On Sunday, the Daily Sports reported on Hanshin Tigers catcher Fumihito Haraguchi’s visit to a cancer care facility. On Jan. 24, Haraguchi announced he had been diagnosed with colon cancer and had surgery two days later.
Haraguchi’s English language player page is HERE. The 27-year-old revealed that although he returned to play 43 games this season, the follow-up examination after his surgery revealed that his cancer was at stage 3B, meaning:
Cancer Treatment Centers of America, colorectal cancer stages.
Stage IIIB: The cancer has grown into or through the outermost layer of the colon or rectum and may have spread into nearby organs or tissues. The cancer has spread to up to three lymph nodes near the primary site, but has not spread to distant organs.
He began having treatment in cycles composed of four weeks of drug therapy and two weeks of rest. Although the team told him to be patient and come back when he was fully fit, Haraguchi opted for a plan to receive treatment over a five-year period while still playing, and his physician credited that desire to play with boosting his recovery.
“My doctor liked baseball and encouraged me to play as much as I could,” Haraguchi said. “The plan is receive treatment as I play five years, although that demands careful monitoring of my situation.”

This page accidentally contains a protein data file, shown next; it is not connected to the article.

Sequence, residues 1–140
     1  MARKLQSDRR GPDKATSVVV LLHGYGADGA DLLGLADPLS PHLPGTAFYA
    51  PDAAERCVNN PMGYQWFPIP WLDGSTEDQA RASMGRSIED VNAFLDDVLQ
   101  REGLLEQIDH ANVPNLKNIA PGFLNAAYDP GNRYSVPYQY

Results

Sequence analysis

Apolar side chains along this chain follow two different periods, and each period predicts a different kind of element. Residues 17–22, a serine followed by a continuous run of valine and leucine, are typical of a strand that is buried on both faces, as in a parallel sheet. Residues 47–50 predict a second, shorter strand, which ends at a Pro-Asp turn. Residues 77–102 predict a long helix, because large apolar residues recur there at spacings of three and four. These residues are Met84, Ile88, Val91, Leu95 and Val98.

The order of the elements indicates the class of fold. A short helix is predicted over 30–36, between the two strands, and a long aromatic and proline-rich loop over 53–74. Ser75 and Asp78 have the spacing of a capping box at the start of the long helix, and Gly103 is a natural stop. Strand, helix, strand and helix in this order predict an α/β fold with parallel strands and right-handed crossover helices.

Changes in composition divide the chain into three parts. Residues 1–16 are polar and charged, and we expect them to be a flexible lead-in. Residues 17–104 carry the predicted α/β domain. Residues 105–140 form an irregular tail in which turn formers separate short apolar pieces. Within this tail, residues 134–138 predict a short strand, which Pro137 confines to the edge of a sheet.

Simply being able to play would have been testament enough, but Haraguchi wrote the most melodramatic script allowable.
In his first at-bat of the season, he delivered a two-out, RBI pinch-hit double in Chiba. Five days later, on June 9, he batted with one on and two outs in the ninth at Koshien Stadium, and hit a sayonara home run off Nippon Ham Fighters closer Ryo Akiyoshi..
Haraguchi was encouraged by the chief physician at the care facility to reveal his situation.
“I was able to give the children (receiving treatment) courage,” he said after he had avoided revealing his situation all year. “The head doctor implored me to speak out, and I told the team that.”
“I’ve been able to compete while going through this. There are people who are doing their best fighting illnesses, and can resume working. They can even play sports. I wanted to relate that.”